Author: Adrian DIMA
I was recently asked what I think about applications written and used internally by customers from the non-IT industries. From the start, I exclude from this category large non-IT companies, which have invested in dedicated IT centres, where software development is a well-developed process. I also excluded simple applications such as Excel, which rises only slightly issues dealt with below.
The truth is that I have met over time many companies (not only from industrial production) that had employees with some software development skills and they preferred to implement their own applications to cover internal needs – some of them were simple, others critical.
In the short term, internally written applications usually do the job for which they were written. It covers one-off needs with lower costs than if external resources were used. Because developers are already employed and know the specifics of the organization, the requirements are clear and easier to apply in a software implementation.
All is well so far…
But contrary to popular belief that the hard part is implementing a project, the reality is that this is only the first stage in the life cycle of an IT project, and real problems occur while in the medium and long term.
Of the most common problems encountered over the years, I have structured a list of eight reasons to use applications written internally can be an unfortunate idea.
1. Business processes in the company is constantly changing.
The change must be reflected in IT project and resources that originally developed must intervene. As they are not usually allocated 100% for the project, it is possible to intervene late and specially to solve a problem on time, not to make changes in a wider future context. If the resources are 100% available for the project, see also reason 4.
2. Internal resources are limited.
I rarely saw more than 1-2-3 resources available in a non-IT company who have the competency of configuration / software development. Over time, they advance to other positions, their time becomes more precious, and the priority is no longer the project.
3. People leave the company and no one knows the detailed history of the IT project.
There is no documentation, and potential IT providers will be reluctant to take over a project whose history they do not know. And if they take over, the costs will be higher than if they had worked from the beginning.
4. The quality of implementation may suffer when internal resources are used.
The effects can be seen during the life cycle of the IT project. In the case of implementation with internal resources, the employees know best the internal processes, but there is no guarantee that they will optimally manage the implementation in the business and technological context. Instead, a specialized external supplier has already seen several customers with the same specific. In addition, he knows the ins and outs of an IT product, certainly much better than someone who hasn’t made it a full-time job. In most cases, an external vendor can optimally combine business understanding and technology implemented.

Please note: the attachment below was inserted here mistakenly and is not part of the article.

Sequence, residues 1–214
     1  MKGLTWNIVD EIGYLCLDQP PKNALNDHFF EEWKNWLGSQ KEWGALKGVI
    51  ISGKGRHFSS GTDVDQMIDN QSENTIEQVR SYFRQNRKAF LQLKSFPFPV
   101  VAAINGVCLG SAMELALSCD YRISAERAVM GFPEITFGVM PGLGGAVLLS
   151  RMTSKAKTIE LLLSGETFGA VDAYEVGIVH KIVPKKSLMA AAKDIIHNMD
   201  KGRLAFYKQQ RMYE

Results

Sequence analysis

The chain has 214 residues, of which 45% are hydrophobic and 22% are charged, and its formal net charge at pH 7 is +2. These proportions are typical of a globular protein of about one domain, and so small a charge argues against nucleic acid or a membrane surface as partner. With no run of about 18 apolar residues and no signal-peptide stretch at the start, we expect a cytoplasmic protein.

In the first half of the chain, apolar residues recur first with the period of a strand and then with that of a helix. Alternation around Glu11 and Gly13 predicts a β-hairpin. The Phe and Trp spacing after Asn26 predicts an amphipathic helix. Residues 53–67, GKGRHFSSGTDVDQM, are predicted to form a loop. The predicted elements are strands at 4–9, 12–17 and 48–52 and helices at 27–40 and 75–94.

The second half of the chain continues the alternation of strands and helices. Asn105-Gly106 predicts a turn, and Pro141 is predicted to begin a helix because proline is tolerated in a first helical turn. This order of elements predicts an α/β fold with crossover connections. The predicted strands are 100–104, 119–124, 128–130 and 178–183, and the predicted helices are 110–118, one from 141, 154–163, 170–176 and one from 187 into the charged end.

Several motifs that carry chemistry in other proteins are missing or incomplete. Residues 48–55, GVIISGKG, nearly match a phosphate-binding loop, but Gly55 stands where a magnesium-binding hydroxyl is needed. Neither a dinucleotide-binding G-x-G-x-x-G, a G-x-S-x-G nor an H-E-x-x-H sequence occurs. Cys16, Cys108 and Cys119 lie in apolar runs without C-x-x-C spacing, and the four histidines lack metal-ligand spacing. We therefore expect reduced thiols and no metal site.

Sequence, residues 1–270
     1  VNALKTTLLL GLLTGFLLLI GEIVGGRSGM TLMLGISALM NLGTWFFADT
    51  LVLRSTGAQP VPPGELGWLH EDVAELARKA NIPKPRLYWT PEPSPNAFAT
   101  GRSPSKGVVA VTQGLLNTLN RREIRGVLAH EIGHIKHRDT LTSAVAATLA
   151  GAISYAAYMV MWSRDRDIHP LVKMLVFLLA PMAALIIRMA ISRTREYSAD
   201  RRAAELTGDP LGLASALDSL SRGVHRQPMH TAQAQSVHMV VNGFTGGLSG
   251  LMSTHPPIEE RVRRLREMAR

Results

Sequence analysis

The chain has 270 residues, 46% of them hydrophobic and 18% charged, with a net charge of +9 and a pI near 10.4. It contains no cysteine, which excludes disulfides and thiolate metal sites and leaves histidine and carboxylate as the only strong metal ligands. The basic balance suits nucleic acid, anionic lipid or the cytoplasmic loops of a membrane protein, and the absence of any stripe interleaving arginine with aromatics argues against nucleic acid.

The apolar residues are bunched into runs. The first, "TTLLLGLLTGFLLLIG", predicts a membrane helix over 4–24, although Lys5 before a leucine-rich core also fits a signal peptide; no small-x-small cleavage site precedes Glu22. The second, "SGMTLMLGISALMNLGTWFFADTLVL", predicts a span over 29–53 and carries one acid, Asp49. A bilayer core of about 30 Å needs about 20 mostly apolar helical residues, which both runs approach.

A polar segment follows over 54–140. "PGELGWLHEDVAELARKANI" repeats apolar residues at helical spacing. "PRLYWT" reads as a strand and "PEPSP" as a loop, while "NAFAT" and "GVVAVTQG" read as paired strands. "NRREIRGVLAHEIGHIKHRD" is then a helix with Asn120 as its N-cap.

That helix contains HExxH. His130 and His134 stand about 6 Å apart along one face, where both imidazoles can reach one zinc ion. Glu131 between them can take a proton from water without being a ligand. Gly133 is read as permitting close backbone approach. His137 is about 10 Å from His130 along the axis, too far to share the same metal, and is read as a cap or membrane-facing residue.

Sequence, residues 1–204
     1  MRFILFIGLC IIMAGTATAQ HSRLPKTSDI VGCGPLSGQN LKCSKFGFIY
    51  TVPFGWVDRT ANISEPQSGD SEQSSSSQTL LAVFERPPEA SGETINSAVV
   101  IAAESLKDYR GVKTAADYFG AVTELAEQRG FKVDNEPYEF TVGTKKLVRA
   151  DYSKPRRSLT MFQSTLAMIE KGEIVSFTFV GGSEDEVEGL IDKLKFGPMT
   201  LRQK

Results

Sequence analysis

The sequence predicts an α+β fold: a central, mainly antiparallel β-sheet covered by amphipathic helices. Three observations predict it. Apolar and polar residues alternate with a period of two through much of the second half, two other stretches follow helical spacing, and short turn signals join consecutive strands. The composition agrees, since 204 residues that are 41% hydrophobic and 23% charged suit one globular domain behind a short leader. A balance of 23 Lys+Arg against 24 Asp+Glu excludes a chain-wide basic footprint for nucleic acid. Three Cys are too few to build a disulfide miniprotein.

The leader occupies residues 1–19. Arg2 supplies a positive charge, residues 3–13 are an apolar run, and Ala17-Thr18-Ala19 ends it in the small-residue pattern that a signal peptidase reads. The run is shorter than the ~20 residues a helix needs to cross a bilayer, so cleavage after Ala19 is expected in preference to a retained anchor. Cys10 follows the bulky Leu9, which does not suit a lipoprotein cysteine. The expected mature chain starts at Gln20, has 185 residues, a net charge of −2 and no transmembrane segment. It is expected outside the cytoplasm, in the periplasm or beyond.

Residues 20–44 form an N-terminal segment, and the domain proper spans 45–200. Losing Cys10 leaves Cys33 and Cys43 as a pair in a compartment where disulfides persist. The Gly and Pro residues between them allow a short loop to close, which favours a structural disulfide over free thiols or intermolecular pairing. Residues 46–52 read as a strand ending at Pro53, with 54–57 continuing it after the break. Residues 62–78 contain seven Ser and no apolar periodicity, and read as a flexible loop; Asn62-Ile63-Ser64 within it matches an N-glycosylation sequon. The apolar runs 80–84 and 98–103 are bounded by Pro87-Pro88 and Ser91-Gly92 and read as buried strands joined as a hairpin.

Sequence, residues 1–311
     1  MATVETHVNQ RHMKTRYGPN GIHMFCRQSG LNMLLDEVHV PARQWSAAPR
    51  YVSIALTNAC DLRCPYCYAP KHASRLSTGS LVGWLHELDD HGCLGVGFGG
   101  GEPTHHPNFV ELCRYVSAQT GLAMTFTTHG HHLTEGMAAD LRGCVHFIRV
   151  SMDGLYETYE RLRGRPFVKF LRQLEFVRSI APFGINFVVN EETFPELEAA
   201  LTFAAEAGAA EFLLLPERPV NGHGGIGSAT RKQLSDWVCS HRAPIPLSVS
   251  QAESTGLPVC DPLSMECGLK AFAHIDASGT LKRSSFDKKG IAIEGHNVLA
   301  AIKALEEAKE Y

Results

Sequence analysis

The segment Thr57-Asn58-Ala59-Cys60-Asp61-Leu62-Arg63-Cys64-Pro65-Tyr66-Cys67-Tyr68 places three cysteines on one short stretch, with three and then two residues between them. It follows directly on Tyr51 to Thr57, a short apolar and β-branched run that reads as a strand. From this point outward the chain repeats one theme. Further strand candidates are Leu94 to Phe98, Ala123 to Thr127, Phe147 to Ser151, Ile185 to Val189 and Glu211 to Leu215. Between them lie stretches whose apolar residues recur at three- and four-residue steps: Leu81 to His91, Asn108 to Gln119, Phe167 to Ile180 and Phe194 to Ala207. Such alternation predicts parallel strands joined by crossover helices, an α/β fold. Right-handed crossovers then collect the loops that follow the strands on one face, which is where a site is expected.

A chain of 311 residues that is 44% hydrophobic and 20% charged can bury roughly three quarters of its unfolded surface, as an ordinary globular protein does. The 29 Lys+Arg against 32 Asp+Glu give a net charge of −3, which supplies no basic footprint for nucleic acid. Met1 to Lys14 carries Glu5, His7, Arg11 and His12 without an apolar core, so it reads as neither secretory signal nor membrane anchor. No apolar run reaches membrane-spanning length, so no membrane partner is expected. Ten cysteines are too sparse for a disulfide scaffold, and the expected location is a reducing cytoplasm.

5. Maintaining the technological stack used by the implemented solution (servers, operating systems, other related IT products) is a continuous process.
If we are talking about a solution in the cloud, someone must follow the parameters of operation, access and consumption. In all cases, we are talking about an effort for an organization that does not have IT in its core concerns.
6. The implemented IT product needs maintenance in turn.
If that does not happen, most likely that while product will generate operational problems. Sounds easy, but can be serious work and there is never time for that when the core business is another. Customers have no reason to pay dedicated employees, so maintenance of infrastructure will never be a priority. It usually occurs when something is no longer working properly, that is too late. IT organizations typically have dedicated resources for infrastructure maintenance. Their work is noticed in a few cases by customers, but the effort of these resources is real and critical.
7. The real cost of an IT project is not that of implementation, but that generated throughout its life.
Commercially, things seem good at first – the costs may be lower than those of an external supplier. A black scenario is one in which damage is generated due to the implementation of the project / solution. If the project was managed internally – in the worst case, your own employees can be fired, but usually this does not happen either. Instead, an external supplier may be held liable by contract and / or obliged to resolve the situation.
8. Re-implementation costs with an external supplier will be higher.
For various reasons at some point there will be the problem of replacing the internal solution with a product / solution on the market, an external provider. But the existing project generated historical data and habits that will have to be taken over, thus there will invariably be a longer and more expensive re-implementation project.
Finally, it must be said that there has always been and will be a temptation among non-IT customers to turn to internal resources. Someone in the management will think that rather than paying an external supplier, it is better to put employee X to work, as he seems to be able to do. And in some cases, things will work out but only in the short term.
In the rest of the cases, the project / solution will be outsourced to an external supplier (to the joy of the latter) with much higher costs.
How should things be treated correctly? We will write about this in the following articles.